Somebody had to go first. In this case, it was Cushing Academy in Ashburnham, Mass. Library observers say it might be the first school – public or private – to trade its paper-and-ink library collection for electronic devices.
An article in USA Today describes the school's decision to jettison most of the 20,000 paper-and-ink books in its library collection (a collection, the school notes, that was barely used – about 0.15% of the books circulated on a typical day) in favor of e-books. The library itself now sports three big-screen TVs and a $12,000 espresso machine.
If students are doing research, they use a laptop or library PC to access one of the 13 databases to which the school subscribes. If they're looking for a specific book, a librarian will help them download it onto one of the library's 65 circulating Kindle e-readers.
Brand-new Kindles are pricey (they can run from from $200 to $500), but Tom Corbett, the school's director of Media and Academic Technology, points out that he often pays as little as $5 to buy an e-book – much less than the price of the hardback books for which he often paid as much as $30.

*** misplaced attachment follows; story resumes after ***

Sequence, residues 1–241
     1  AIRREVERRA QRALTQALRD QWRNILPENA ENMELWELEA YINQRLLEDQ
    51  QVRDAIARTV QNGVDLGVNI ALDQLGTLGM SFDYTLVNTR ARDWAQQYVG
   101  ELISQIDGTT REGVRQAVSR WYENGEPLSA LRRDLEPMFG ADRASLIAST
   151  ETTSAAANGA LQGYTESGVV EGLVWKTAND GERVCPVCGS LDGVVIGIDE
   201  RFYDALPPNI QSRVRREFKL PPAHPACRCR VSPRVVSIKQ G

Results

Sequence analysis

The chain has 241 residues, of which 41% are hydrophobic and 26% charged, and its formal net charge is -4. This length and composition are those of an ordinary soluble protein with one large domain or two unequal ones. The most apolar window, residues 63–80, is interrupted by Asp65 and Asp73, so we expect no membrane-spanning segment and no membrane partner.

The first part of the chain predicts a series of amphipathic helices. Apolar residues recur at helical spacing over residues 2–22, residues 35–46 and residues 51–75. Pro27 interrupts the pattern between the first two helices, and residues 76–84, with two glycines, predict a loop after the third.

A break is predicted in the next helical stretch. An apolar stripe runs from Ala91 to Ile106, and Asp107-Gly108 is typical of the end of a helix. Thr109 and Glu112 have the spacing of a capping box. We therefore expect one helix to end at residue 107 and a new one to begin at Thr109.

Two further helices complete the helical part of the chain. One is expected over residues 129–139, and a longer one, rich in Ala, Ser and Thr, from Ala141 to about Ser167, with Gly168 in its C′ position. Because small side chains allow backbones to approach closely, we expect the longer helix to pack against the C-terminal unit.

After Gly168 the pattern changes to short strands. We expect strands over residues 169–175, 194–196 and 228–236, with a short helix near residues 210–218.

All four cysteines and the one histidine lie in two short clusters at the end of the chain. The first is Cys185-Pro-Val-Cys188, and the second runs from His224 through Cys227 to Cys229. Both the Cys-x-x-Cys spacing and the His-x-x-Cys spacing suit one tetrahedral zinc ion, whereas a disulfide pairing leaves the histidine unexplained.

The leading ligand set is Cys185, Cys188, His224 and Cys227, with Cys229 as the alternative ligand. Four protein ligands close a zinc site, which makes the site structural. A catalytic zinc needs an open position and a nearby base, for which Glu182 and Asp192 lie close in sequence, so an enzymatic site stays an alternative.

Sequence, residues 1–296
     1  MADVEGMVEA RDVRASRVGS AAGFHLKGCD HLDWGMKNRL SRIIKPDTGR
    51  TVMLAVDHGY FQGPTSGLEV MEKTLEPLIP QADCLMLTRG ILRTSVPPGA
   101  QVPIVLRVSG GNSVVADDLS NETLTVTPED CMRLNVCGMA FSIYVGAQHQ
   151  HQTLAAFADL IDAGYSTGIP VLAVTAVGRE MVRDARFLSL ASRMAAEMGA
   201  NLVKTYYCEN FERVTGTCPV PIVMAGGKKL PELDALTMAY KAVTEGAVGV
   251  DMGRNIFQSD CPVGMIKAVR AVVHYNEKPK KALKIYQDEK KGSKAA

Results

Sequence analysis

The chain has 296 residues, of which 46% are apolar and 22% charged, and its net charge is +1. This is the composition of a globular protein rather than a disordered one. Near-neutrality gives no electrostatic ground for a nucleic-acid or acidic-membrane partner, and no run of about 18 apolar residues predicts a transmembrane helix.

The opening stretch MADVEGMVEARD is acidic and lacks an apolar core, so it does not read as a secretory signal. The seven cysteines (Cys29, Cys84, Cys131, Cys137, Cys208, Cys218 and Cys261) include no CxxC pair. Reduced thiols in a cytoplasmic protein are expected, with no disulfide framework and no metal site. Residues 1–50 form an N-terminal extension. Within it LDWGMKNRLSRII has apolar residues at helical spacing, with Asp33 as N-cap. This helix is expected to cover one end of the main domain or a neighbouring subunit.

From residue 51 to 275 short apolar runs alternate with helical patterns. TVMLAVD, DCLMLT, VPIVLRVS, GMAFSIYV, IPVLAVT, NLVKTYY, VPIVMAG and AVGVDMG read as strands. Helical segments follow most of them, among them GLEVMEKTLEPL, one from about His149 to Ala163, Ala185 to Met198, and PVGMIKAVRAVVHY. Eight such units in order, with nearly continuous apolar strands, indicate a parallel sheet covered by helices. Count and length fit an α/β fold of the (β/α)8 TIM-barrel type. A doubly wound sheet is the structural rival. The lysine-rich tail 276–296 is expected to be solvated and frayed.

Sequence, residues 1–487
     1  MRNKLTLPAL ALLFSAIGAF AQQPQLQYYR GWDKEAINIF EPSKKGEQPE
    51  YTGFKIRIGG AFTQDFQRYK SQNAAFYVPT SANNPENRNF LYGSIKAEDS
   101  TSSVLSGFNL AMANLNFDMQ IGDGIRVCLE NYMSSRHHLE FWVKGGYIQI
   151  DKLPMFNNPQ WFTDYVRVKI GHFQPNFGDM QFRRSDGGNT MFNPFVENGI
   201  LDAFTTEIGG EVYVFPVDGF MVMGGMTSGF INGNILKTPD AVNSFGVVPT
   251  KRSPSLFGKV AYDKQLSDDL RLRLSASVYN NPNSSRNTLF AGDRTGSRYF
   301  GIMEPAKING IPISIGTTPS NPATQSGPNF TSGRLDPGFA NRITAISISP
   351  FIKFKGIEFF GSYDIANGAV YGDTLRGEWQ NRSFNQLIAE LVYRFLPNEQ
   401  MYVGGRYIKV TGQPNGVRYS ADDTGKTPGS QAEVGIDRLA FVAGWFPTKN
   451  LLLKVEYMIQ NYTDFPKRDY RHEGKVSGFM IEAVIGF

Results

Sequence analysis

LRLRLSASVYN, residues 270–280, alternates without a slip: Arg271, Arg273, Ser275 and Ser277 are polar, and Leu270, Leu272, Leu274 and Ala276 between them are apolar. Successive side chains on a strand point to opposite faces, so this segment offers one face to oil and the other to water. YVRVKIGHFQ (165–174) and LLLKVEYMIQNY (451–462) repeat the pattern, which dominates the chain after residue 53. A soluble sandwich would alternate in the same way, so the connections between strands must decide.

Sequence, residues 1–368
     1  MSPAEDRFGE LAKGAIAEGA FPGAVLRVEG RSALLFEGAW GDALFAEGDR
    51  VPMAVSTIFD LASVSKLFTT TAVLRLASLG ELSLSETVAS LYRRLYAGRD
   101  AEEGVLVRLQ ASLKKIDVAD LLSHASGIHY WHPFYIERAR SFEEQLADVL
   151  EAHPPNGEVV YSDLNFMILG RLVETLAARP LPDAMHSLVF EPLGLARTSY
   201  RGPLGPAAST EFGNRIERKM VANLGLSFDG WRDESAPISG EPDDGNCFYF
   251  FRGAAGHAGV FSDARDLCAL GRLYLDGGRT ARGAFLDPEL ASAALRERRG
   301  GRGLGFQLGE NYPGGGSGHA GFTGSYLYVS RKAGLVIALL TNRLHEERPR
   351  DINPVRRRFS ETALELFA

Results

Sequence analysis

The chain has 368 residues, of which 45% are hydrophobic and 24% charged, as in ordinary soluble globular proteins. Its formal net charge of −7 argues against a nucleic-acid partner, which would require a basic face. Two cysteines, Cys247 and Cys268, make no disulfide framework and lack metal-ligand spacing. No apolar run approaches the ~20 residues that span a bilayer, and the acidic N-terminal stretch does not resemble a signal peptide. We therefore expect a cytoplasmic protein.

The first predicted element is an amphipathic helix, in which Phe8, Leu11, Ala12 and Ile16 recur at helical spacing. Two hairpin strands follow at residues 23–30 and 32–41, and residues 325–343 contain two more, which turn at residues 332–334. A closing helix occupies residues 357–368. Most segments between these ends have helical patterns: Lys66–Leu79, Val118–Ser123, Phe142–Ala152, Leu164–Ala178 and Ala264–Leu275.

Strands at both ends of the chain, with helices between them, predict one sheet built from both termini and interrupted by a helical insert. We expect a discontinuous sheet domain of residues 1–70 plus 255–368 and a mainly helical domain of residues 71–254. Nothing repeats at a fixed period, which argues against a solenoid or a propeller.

To say the least, reactions to the new library have been mixed. There are those that praise the school – and James Tracy, its headmaster – for a forward-thinking action more likely to engage today's kids in learning.
But there are others who have compared Tracy to everything from a bookburner to Hitler.
According to the USA Today piece, most of the students "love the new library." But the piece closes with the comments of a few skeptics. The best comes from Gaby Skok, an 18-year-old senior at Cushing Academy who is horrified that her formerly quiet library is now "some hip, trendy place."
Skok told USA Today that she "simply can't believe that Tracy has let flickering TV monitors, à la George Orwell's '1984,' invade the library."
"Dr. Tracy, I love him, I respect him," she told the paper. "But has he a dystopian novel?"